tiltbillings wrote: robertk wrote:
The title of this thread is Causes for wisdom
Suttas have already been cited showing that the prime causes for wisdom are hearing and contemplation of the Dhamma. This sutta adds to the discussion by showing that listening to the Dhamma leads to the attainment of nibbana.
It underlines the crucial importance of right view in the path.
Yes, very choice driven behaviors, all. And, of course, listening is followed by the choice to put into practice, by doing, what the Buddha taught, as has been carefully explained and shown to be so via the suttas, and pretty much most, if not all, of the texts you yourself have quoted.
Dear Tilt and others,
The issue is not whether there's a choice in the conventional sense or not, but to understand that the choice is also conditioned, not "I", me, or mine. Do you agree that choice is conditioned?
When members here read our (Sujin's students) emphasis on the conditioned aspects of dhammas, many might think that the result of it is non-action. How can there be non-action? We all do this or that unless we are paralized, blind and deaf all at the same time.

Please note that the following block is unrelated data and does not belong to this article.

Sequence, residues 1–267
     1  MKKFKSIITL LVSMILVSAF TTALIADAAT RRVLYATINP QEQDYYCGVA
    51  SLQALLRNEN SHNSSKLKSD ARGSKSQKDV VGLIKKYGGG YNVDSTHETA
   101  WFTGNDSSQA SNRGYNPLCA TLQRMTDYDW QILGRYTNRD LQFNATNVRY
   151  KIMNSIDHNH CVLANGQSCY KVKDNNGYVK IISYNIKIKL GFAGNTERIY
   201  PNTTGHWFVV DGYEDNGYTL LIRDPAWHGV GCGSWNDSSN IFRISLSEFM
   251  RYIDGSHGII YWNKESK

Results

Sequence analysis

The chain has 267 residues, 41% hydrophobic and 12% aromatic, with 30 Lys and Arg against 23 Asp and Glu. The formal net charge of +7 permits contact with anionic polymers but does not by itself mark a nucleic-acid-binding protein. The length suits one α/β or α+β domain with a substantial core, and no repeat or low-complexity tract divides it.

What we have been trying to show, is that, regardless what one choose to do, it is not the doing, but the right understanding which can be said to cultivate the Path.
There have been many arguments that we have to do, to practice, to make efforts in order for understanding to arise. We, on the other hand, has shown that the cause of right understanding doesn't come from the doing, whatever is is, but from hearing the right teaching and wise consideration of it. It is the words of the Buddha him-self.
The understanding gained from hearing the teaching can go from the intellectual level to the direct level, if there is studying the dhammas as they appear again and again. However, right at the beginning, there should be the clear understanding that it is not "a self" who does the studying, but it is a dhamma which is conditioned by previous hearing and considering which, at some particular point arises and is aware. If this understanding is not firm, there will always be idea of "I" trying to be aware or to observe, and the non-self nature of the reality which is aware can not be known. We can not determine when this dhamma studying, this awareness will occur, since they depend on conditions to arise. So if we can not determine when, why there would be the idea of formal meditation? Can we decide that during that particular time there will be awareness? If we think we can, isn't it the idea of a self who can make some dhammas to arise at will?
If we don't believe that hearing the Dhamma and wise considering alone can condition direct understanding later, does that mean we don't really trust the Buddha's words and the power of his teaching ?
Wise considering is difficult, most diffcult.